We’re driving north of Adelaide on a warm, dry autumn day. The flat, straw coloured landscape is more parched than usual following a long, hot summer. How, we wonder, can a world famous wine district exist in the unpromisingly dry and low hills ahead of us?
[On the Riesling Trail]
There’s a bright side. The relative lack of hills suggests easy cycling. And that’s one of the main reasons we’re here. That and the wine. After a little more than two hours we arrive in Auburn. It’s not quite sunset, so there’s time to sort out our accommodation before dinner. We’d expected our hire bikes to be at the hotel. But not for the first time, we find arrangements around here are “relaxed”.
The bikes turn up in good time the next morning, and we’re briefed on the cycling trail ahead of us. It goes by the promising name of The Riesling Trail, and follows an old railway route between Auburn and Clare. We’re on a self-guided trip, with bikes, accommodation, luggage transfers and some meals organised by the Tour de Vines company. Once our bikes and helmets are fitted, we’re off into the morning chill – all of 50 metres to the coffee shop. They did say it was self-guided, and Andrew must have his caffeine hit before the day goes on!
["Hard-earned" stop? Our start is visible 50m behind us.]
The vineyards commence soon after we do. Although the cycle trail is dry and a little dusty, the vines are surprisingly lush. Some have had over 150 years to get used to the region’s Mediterranean climate: dry and hot in summer; cooler and wetter in winter. Despite their age the vines are blushing with autumn colours. We too are red-of-face as we pump our legs and expand our lungs with unexpected effort. It’s strange how an incline of 1.5% can make you work.
It’s strange too how the names of places and wineries we’re passing are so familiar to me, a relative late-comer to wine drinking. We wobble past signs to Leasingham and its vineyards, but don’t resist the turn-off to Watervale. It may not be midday yet, but we’re up for refreshments, which Shut the Gate Wines supply with style. As we stand at the bar for a tasting, we hear the kind of talk we’ll get used too over the next few days.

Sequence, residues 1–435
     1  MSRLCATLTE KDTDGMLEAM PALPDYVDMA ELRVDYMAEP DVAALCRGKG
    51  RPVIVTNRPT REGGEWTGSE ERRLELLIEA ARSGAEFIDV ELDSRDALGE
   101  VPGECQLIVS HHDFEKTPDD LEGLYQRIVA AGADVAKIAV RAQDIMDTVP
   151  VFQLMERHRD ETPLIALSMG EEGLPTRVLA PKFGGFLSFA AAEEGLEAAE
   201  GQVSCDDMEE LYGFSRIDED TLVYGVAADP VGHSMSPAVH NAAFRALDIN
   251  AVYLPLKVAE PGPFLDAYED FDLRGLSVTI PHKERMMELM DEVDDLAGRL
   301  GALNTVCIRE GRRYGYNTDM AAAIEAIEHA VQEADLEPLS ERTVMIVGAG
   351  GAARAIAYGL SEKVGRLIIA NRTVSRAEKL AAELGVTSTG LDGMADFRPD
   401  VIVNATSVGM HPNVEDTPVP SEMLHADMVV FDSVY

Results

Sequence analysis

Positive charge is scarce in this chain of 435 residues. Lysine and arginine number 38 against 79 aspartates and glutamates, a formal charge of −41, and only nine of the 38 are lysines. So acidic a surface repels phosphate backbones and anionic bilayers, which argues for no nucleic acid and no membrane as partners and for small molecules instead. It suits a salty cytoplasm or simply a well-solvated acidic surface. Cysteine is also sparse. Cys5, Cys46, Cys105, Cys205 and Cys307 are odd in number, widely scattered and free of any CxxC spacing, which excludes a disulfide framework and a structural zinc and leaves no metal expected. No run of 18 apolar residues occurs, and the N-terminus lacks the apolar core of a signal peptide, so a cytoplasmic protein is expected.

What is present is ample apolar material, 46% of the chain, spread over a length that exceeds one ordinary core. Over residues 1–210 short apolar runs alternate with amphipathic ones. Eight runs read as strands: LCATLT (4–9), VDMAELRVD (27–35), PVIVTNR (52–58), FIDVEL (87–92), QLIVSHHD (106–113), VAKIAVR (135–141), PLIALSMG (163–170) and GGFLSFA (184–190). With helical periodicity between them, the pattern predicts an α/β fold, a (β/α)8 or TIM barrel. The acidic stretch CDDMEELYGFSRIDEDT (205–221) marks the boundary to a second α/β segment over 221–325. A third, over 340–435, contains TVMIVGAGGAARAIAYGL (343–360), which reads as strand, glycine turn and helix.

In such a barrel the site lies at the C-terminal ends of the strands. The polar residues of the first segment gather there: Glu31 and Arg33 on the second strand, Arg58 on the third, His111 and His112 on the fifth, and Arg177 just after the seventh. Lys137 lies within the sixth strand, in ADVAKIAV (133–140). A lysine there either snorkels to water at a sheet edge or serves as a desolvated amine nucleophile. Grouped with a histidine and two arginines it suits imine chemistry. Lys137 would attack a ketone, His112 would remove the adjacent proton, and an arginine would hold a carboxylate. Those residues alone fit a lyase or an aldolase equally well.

[Among Clare Valley's blushing vines]
It’s not just about grape varieties and vintages, but aspects, micro-climates, minerals and more. It also seems “soils-ain’t-soils”. The depth, type and mineral make up of the soils contributes characteristics to the wines which even we can discern. We thank Richard for the informative tasting – which included cheese and biccies – and promise to be back in a few days to buy some wines. We’re not keen to weigh down our panniers with too much just yet.
[The Old Grammar School, Watervale]
We have to ride uphill to get back up to the trail, although the fascinating buildings of Watervale give us an excuse to do that slowly. Then it’s on to Penwortham. And now the landscape tightens up, and there’s a greener tinge to everything. It’s the high point of the trail, so higher rainfall might be expected.
[Dining al fresco at Skillogalee, Clare Valley]
Lunch is booked for us at Skillogalee Wines, a bracing downhill ride from the trail. We don’t want to think about what that means for our post-lunch ride, but it becomes a long, languid lunch, and the wonderful food and setting of Skillogalee fuels us for any coming pain. So too does a stop at beautiful Kilikanoon Wines.
[Autumn at Kilikanoon Wines]
After the pain of regaining the trail is endured, we cross over the high point and make a downhill beeline for Clare. It’s not quite as simply done as written, and it’s not all downhill. But as the afternoon shadows stretch out, we close in on our overnight stop. And stop is what we do, glad in both heart and buttocks! We only hope we’ll be able to ride again in the morning.
Post a Comment